You can make short-term sacrifices but in the long run, it will pay dividends to both the individual player and most certainly to the team as a whole.

Did you imagine yourself coaching hockey after retiring from the game? Tell us about how your experience as a professional athlete has helped you become a great coach.

I certainly knew that I wanted to give back to the game that was so great to me.

My experiences gave me some great insight into what a player needs to develop. How to make it fun for them, and ultimately develop into the best player and most importantly teammate that they can become.

This will set them up for hopefully a very fun and memorable experience as a player with us and beyond.

The reality is that is what this is about because for the vast majority this will only ever be a hobby, their fun socialization.

A great experience will help them build their confidence and social skills in business and all sorts of different interactions they will have throughout their life.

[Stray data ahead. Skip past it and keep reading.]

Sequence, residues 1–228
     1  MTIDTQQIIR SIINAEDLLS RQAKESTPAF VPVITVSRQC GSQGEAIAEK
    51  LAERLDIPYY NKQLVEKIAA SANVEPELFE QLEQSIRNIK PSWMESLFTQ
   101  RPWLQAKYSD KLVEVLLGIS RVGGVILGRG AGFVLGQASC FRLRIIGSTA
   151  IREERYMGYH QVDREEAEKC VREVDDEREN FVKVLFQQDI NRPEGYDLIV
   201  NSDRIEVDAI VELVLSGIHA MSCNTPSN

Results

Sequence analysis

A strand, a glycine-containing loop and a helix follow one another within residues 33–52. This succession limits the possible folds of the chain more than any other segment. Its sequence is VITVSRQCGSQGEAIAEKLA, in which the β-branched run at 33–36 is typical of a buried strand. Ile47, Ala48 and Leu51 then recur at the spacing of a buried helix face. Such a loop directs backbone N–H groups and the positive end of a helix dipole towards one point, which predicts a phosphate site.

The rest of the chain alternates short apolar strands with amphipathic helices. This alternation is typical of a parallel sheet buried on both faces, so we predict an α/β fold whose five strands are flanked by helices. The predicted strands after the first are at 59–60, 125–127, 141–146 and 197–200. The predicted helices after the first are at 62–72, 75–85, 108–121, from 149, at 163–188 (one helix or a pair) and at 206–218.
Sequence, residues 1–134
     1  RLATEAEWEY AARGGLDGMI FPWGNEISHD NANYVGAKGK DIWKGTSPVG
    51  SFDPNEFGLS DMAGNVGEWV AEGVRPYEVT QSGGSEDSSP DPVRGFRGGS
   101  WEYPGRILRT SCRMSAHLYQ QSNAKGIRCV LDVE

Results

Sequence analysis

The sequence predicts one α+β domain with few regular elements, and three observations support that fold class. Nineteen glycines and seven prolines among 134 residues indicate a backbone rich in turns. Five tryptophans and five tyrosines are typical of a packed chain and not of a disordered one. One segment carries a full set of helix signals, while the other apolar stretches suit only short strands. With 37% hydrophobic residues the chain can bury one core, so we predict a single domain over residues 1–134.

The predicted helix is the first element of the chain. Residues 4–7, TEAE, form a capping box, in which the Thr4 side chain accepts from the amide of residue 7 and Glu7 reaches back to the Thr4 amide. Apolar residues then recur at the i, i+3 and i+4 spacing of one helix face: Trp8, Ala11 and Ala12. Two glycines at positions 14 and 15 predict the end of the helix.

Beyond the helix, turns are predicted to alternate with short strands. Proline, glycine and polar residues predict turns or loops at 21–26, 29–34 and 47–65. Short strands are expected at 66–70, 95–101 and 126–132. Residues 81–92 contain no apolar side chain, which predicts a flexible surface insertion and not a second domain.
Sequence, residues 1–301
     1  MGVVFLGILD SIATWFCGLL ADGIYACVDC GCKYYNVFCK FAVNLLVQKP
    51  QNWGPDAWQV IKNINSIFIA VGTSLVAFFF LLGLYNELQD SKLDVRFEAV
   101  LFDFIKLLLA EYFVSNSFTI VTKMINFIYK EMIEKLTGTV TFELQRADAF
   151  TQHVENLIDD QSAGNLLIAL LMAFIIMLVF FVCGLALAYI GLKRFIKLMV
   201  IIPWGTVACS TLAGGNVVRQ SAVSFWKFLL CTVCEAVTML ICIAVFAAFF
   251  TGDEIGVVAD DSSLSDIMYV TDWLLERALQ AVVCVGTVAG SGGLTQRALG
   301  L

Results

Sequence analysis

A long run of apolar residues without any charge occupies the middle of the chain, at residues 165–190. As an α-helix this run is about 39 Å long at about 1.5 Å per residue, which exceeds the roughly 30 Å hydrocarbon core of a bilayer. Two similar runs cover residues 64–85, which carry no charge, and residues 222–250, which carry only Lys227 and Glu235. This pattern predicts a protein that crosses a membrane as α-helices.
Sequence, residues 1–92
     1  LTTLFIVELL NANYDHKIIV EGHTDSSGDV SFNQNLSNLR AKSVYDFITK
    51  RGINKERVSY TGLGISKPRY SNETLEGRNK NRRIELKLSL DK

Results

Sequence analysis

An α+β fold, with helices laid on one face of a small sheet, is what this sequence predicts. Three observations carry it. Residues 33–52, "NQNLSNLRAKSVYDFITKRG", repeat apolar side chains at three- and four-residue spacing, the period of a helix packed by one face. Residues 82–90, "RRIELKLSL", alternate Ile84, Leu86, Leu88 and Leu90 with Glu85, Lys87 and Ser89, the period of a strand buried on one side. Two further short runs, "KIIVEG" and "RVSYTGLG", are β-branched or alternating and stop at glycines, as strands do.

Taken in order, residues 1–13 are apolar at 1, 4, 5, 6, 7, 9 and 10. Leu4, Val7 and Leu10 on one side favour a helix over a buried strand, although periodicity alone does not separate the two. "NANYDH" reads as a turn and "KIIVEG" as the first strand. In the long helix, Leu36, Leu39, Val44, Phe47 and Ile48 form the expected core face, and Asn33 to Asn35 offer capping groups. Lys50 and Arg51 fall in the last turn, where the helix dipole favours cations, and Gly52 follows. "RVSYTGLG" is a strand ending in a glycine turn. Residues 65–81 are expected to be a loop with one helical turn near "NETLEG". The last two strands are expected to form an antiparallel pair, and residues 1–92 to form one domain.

What advice would you give to a young athlete? How can they level-up their game to set themselves apart?

The best advice I can give is if you truly love the game, be open to learning, working hard and putting the team ahead of yourself. That will most definitely benefit you as an individual far more greatly than being selfish and looking out for just yourself.

Eventually, those individuals weed themselves out of competitive sports at a high level.

1 Listen to your coaches.

2 Don’t ever give up.

3 Work your butt off!

Emma Greer Emma's Final Thoughts

Brent Tully, Head Coach for the U12 AAA Peterborough Petes, has gained an abundance of experience playing professionally in the US, Canada and Germany. His love for the game has exceeded his playing days and brought him into a coaching career. You can tell Brent has a passion for the game and creating a safe and fun environment for the kids. He knows how important coaching this age group is, as they are socializing, learning and gaining confidence. Tully’s impressive athletic career has brought him all around the world and playing internationally has not only brought competitive hockey but great cultural experiences and friendships.